To assess the efficacy and safety of sildenafil citrate (Viagra) in men with erectile dysfunction and parkinsonism due either to Parkinson’s disease or multiple system atrophy.
Erectile dysfunction (ED) is a common nonmotor feature in patients with Parkinson’s disease (PD). Data regarding the tolerability and efficacy of anti‐ED medication in the PD population are limited. The aim of this work was to assess the safety and efficacy of sildenafil in treatment of ED in men with PD.
Twenty four patients with erectile disease were recruited, 12 with Parkinson’s disease and 12 with multiple system atrophy, into a randomised, double blind, placebo controlled, crossover study of sildenafil citrate. The starting dose was 50 mg active or placebo medication with the opportunity for dose adjustment depending on efficacy and tolerability. The international index of erectile function questionnaire (IIEF) was used to assess treatment efficacy and a quality of life questionnaire to assess the effect of treatment on sex life and whole life. Criteria for entry included a definite neurological diagnosis and a standing systolic blood pressure of 90–180 mm Hg and diastolic blood pressure of 50–110 mm Hg, on treatment if necessary. Blood pressure was taken at randomisation (visit 2) and crossover (visit 5) lying, sitting, and standing, before and 1 hour after taking the study medication in hospital.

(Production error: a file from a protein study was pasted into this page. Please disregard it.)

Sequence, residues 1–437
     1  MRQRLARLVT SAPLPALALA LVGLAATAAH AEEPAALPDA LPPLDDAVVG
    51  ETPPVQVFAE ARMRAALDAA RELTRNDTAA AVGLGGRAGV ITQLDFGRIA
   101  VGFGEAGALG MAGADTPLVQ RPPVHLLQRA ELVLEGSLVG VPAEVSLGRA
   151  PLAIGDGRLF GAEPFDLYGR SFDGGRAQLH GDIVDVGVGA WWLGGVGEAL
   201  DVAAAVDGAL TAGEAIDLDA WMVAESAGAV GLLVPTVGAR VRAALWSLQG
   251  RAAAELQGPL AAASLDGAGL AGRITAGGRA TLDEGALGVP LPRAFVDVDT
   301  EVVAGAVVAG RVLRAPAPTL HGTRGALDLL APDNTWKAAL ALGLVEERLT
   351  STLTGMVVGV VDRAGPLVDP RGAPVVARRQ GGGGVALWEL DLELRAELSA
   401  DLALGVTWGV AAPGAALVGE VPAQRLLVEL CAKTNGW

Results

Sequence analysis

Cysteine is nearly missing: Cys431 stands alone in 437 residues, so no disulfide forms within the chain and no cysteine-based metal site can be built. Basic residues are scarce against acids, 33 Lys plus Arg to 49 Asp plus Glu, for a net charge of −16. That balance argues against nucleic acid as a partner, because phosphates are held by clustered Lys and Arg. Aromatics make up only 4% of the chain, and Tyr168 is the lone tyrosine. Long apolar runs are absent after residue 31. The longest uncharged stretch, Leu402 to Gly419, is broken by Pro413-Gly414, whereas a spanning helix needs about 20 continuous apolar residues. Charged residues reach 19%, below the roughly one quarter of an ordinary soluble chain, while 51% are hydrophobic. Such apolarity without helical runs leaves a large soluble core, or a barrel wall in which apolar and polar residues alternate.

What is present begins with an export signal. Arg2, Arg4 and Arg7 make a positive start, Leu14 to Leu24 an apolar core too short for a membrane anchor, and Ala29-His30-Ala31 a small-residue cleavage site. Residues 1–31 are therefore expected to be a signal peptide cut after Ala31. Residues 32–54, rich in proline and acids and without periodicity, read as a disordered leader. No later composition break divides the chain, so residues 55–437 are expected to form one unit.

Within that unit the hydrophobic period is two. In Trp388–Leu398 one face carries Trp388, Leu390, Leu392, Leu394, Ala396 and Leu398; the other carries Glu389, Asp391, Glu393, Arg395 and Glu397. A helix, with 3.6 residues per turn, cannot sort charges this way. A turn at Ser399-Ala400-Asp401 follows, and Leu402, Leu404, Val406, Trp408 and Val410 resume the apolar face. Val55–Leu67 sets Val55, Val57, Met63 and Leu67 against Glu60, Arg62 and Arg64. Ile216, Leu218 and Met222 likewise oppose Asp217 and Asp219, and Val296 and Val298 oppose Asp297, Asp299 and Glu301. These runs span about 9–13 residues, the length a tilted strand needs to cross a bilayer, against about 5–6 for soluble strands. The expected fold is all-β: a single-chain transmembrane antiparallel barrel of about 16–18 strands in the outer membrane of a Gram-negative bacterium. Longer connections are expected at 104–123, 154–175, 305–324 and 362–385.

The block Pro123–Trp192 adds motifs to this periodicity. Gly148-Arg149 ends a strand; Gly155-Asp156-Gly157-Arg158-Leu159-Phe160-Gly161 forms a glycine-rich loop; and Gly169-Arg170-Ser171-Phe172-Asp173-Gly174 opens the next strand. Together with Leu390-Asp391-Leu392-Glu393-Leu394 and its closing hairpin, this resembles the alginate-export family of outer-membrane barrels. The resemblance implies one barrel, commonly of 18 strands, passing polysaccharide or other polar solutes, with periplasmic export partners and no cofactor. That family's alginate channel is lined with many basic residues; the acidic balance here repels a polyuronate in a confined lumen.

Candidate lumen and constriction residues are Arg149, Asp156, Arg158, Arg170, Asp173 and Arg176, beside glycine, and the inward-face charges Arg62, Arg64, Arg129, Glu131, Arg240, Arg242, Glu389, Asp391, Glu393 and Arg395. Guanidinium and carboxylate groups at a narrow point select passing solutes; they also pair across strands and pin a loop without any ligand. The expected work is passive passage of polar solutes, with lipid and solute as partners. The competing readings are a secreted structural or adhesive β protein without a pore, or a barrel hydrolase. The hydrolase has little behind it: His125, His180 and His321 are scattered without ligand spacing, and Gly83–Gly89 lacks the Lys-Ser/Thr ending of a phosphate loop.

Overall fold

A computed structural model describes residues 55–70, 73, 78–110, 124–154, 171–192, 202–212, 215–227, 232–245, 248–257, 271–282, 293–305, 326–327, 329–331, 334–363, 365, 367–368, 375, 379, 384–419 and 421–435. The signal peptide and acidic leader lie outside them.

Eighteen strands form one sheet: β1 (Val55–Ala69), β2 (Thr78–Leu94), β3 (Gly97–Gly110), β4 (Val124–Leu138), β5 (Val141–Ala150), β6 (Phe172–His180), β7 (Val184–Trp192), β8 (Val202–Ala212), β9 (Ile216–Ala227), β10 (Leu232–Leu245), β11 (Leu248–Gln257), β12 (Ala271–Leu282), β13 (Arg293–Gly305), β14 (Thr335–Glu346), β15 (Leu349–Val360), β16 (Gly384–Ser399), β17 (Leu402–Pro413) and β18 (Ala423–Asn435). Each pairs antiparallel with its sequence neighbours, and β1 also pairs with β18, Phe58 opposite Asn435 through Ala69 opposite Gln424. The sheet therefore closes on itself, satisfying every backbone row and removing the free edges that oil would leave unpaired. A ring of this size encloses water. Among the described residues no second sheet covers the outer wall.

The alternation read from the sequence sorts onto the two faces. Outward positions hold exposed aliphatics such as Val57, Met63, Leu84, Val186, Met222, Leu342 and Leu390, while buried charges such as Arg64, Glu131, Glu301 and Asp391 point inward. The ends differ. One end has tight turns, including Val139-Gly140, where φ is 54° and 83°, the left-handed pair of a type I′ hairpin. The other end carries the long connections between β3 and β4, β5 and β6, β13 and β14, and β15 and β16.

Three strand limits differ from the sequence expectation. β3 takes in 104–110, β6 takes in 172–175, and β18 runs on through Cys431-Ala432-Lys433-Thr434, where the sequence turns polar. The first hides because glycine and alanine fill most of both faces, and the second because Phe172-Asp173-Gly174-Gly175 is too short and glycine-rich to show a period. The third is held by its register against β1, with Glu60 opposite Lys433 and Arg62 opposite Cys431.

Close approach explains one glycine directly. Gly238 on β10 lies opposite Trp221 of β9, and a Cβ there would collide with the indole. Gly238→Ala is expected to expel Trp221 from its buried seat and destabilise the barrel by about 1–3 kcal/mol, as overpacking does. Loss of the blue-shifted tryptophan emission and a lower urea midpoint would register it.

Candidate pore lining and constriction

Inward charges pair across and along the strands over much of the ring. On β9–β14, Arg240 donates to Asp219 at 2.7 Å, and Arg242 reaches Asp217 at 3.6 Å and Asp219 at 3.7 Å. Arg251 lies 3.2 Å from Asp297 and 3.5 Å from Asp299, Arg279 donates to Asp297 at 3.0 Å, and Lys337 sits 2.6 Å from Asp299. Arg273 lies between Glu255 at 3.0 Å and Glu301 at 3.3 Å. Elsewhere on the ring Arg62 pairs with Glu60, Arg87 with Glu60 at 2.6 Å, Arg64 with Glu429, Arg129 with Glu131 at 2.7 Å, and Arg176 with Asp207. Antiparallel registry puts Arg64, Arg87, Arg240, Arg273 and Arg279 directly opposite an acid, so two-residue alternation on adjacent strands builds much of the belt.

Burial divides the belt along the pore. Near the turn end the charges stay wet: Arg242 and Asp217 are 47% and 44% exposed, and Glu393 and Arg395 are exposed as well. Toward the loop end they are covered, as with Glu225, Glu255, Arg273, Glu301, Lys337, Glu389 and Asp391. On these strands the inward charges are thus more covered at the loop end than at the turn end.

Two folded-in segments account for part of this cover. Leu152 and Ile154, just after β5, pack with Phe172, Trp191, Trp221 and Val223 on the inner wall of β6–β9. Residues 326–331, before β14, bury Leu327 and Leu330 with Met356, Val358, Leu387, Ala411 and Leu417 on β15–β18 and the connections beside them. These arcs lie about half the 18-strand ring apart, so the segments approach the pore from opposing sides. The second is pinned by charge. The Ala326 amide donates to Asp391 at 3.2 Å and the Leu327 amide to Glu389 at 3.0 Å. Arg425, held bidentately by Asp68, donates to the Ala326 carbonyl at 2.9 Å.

Sidenafil citrate was efficacious in men with parkinsonism with a significant improvement, as demonstrated in questionnaire responses, in ability to achieve and maintain an erection and improvement in quality of sex life. In Parkinson’s disease there was minimal change in blood pressure between active and placebo medication. In multiple system atrophy, six patients were studied before recruitment was stopped because three men showed a severe drop in blood pressure 1 hour after taking the active medication. Two were already known to have orthostatic hypotension and were receiving treatment with ephedrine and midodrine but the third had asymptomatic hypotension. However, the blood pressures in all three had been within the inclusion criterion for the study protocol. Despite a significant postural fall in blood pressure after sildenafil, all patients with multiple system atrophy reported a good erectile response and were reluctant to discontinue the medication.
Sidenafil citrate (50 mg) is efficacious in the treatment of erectile dysfunction in parkinsonism due to Parkinson’s disease or multiple system atrophy; however, it may unmask or exacerbate hypotension in multiple system atrophy. As Parkinson’s disease may be diagnostically difficult to distinguish from multiple system atrophy, especially in the early stages, we recommend measurement of lying and standing blood pressure before prescribing sildenafil to men with parkinsonism. Furthermore, such patients should be made aware of seeking medical advice if they develop symptoms on treatment suggestive of orthostatic hypotension.